The Sun Editorial, 24/5/02
IN FACT… 'Asylum seeker' does not equal 'illegal immigrant'!
Everyone has the right to seek and enjoy asylum. This is a fundamental human right enshrined in Article 14 of the Universal Declaration of Human Rights.
Article 31 of the 1951 UN Convention Relating to the Status of Refugees states that countries should not impose penalties on individuals coming directly from a territory where their life or freedom was threatened on account of their illegal entry.
Often governments refuse to issue passports to known political dissidents, or imprison them if they apply. Refugees may not be able to obtain the necessary papers when trying to escape persecution, and have no choice but to resort to illegal means of escape.
For many, a false document is the only means of escape. The fact that a claimant uses a false travel document tells us nothing about whether the person is a refugee or not.
Governments are imposing stronger measures such as visa requirements and carriers liability, which are fines imposed on any form of transport refugees use, to stop people travelling to their territory. The more obstacles placed on entry to the UK, the more likely a refugee will have to resort to using false documents or enlisting the help of human smugglers.
IN FACT… Most want nothing more than to go home - if only it was safe
In our experience refugees want to go back to their country once the reasons which forced them to flee no longer exist. For example, most South Africans and Chileans who fled to Britain in the 70s repatriated when it was safe for them to do so. The vast majority of Kosovo Albanians have also returned, despite the still fragile situation in Kosovo and spontaneous returns to Afghanistan have exceeded all expectations.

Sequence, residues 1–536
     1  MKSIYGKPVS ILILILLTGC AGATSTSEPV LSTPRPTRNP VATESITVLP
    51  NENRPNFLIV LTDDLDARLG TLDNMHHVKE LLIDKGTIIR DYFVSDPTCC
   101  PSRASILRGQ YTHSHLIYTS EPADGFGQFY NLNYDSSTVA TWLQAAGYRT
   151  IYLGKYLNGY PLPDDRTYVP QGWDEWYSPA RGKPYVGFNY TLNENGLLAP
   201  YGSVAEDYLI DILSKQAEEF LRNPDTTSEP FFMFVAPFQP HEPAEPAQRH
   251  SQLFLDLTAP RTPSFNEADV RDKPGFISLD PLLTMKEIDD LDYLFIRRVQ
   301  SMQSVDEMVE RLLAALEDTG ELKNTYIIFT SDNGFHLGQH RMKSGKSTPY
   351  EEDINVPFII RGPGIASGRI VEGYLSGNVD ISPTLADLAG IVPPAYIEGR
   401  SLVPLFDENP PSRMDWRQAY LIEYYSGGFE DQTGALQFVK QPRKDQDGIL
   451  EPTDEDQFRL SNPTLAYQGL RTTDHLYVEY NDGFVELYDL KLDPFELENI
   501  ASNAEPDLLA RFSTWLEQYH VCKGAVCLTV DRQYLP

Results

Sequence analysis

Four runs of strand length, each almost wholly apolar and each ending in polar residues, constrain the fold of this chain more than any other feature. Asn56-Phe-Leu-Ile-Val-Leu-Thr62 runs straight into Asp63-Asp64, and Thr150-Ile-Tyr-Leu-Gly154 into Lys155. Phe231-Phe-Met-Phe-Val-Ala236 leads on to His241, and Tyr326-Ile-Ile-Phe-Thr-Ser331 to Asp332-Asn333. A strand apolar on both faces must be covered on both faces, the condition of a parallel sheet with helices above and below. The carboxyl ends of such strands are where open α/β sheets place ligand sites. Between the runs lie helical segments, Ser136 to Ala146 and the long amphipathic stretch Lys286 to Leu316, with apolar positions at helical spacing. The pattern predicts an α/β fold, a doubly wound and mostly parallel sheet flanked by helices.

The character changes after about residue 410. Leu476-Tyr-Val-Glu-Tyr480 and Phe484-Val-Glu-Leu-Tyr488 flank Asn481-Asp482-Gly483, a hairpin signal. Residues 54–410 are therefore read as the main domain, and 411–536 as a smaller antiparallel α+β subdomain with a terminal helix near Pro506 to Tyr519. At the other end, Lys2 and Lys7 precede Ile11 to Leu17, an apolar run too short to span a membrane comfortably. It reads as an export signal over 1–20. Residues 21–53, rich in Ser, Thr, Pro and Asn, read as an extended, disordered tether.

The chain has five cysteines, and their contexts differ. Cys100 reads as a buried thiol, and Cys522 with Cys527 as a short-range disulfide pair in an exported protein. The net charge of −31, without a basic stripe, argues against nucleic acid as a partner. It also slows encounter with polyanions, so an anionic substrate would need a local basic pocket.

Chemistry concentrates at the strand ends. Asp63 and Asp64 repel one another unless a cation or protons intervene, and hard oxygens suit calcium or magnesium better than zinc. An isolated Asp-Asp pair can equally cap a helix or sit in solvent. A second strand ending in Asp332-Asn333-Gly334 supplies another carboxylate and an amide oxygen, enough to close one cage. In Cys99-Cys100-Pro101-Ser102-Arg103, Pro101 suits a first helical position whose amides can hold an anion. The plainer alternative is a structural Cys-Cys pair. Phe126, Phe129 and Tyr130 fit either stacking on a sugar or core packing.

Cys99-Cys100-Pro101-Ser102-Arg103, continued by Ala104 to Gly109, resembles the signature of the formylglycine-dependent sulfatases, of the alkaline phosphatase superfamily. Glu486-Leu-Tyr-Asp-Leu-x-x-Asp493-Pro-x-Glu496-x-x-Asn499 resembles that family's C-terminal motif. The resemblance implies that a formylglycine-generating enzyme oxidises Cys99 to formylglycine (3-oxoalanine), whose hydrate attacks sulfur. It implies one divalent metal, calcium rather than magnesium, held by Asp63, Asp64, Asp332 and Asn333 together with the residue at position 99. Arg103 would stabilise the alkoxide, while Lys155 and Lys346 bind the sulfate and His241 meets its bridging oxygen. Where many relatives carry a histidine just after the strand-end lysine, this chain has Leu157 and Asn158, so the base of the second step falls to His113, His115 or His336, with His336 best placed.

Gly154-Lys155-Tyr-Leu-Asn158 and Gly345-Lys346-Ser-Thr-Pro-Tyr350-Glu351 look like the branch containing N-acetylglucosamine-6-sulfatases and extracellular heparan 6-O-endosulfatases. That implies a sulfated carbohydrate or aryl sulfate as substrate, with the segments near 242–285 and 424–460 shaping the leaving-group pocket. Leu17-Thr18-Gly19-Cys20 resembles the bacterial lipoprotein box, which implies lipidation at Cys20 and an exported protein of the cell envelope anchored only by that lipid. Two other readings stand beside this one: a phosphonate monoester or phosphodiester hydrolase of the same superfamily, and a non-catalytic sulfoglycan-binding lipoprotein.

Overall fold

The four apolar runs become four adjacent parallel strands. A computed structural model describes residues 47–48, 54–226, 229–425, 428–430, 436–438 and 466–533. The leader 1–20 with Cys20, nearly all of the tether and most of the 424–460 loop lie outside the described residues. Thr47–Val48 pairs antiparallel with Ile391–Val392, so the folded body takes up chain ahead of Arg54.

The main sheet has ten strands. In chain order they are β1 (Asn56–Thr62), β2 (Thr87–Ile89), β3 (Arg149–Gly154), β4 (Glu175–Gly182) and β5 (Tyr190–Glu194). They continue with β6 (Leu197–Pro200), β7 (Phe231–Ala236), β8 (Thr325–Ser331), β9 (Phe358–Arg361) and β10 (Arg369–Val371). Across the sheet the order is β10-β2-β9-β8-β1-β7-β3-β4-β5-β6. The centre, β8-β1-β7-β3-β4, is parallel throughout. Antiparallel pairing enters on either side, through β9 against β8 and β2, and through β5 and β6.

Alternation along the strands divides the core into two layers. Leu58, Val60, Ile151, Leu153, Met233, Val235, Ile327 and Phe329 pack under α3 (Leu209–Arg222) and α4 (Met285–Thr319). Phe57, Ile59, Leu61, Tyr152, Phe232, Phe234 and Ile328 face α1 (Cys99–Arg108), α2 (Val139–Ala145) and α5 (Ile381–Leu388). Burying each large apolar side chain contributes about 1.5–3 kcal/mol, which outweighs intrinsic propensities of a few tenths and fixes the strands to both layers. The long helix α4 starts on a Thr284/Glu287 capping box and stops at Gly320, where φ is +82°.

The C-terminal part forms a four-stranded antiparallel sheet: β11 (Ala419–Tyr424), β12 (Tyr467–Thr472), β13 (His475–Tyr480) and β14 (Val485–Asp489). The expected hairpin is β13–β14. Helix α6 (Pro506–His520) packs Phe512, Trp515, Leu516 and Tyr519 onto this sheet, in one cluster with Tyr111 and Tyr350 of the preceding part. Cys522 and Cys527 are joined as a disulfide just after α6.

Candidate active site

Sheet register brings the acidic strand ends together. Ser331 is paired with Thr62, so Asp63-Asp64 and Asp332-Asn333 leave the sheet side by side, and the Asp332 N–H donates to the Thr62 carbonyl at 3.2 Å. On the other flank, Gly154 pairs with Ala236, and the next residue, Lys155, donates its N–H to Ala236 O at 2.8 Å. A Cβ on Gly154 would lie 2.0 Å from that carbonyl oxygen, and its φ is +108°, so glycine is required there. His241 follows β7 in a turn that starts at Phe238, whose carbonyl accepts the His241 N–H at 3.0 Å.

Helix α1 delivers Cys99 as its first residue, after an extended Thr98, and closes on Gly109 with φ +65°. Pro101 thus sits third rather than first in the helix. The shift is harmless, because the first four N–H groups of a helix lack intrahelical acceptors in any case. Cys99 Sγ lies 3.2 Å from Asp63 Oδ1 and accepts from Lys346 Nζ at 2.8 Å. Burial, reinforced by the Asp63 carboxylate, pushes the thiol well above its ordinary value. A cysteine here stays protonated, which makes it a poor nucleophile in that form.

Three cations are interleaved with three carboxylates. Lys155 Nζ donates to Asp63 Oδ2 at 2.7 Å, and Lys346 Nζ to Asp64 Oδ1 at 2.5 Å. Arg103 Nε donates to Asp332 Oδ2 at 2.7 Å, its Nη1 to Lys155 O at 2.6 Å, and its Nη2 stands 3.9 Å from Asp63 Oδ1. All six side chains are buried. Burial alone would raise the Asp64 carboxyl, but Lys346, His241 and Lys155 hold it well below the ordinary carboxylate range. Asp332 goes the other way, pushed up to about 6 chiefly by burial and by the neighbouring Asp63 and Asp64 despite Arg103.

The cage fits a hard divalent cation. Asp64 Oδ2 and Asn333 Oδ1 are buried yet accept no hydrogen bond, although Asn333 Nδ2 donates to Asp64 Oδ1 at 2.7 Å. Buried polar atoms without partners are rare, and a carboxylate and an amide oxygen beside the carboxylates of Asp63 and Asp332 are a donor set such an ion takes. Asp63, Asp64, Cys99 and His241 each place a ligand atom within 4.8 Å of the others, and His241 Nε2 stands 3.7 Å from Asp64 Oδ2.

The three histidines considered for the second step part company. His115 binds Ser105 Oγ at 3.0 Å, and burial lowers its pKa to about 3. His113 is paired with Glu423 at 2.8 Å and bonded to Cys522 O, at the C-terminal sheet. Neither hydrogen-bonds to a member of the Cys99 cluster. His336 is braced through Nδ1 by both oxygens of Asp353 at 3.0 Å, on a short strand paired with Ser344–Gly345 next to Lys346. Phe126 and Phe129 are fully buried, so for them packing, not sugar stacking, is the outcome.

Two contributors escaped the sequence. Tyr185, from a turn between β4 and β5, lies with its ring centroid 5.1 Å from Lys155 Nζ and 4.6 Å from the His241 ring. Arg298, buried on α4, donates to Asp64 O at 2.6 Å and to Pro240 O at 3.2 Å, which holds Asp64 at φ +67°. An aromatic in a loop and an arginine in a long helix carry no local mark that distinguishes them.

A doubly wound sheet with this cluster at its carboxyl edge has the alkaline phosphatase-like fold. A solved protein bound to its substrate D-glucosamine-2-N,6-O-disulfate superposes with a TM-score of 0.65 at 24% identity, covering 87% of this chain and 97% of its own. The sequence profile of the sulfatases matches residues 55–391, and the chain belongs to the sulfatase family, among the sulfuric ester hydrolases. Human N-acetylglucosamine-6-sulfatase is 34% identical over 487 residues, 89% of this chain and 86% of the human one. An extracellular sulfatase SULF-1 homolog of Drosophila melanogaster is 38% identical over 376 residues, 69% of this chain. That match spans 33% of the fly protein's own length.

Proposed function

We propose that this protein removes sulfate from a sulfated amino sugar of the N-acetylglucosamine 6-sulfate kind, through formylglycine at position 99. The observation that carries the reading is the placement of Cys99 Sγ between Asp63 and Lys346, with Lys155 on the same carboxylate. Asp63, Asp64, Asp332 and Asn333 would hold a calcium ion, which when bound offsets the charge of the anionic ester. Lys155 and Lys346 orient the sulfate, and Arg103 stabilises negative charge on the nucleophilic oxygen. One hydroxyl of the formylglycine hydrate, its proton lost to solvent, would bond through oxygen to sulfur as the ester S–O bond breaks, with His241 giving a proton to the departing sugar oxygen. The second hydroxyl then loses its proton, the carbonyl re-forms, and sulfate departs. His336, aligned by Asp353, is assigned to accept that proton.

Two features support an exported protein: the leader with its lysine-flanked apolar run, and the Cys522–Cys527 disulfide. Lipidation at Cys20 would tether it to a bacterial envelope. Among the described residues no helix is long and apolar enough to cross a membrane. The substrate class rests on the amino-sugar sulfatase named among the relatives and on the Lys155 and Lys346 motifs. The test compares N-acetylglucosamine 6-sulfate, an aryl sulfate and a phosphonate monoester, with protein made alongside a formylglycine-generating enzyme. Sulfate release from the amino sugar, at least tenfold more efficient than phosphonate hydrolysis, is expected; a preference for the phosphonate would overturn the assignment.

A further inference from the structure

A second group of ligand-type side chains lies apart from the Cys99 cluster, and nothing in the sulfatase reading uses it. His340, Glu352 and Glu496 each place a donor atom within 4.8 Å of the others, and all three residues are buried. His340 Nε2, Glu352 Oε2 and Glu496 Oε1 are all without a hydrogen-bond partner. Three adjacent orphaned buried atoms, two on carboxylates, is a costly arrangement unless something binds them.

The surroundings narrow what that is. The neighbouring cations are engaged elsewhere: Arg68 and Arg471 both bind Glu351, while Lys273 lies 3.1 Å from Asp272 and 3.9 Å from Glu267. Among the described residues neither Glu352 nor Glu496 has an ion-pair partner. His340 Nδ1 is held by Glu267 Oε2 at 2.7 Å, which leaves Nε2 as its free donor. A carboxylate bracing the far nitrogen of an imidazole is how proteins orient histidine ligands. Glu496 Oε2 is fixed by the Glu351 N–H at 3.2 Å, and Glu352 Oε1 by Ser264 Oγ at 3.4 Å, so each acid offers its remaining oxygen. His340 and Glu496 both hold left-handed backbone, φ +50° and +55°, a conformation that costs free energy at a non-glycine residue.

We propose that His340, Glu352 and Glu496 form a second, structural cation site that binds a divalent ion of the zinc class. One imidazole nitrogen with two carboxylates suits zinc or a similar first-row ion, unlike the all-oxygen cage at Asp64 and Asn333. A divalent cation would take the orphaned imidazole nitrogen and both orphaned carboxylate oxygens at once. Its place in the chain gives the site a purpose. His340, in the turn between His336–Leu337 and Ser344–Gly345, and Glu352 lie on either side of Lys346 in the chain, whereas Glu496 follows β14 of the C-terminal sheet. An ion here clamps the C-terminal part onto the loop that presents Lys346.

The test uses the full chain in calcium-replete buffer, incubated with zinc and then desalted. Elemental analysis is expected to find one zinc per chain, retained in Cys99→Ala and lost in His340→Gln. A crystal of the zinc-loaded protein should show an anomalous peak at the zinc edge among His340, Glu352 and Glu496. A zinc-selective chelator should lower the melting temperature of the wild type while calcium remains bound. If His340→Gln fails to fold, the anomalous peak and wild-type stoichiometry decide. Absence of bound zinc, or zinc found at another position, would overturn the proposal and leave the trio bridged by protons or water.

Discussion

Decision on an asylum claim can take months if not years and backlogs are significant. This prolonged waiting period can create the impression that people want to stay.
But most importantly, no one should be sent back to face persecution or torture.
"Our town's too nice for refugees…they will try to escape, rapists and thieves will terrorise us" Daily Express, 23/3/02
There is no established connection between asylum and increased crime rates. Asylum seekers are less likely to commit major crimes than UK citizens are because it would affect their asylum application.
On the other hand, there has been an increase in racist attacks as a result of the hostile publicity around the UK.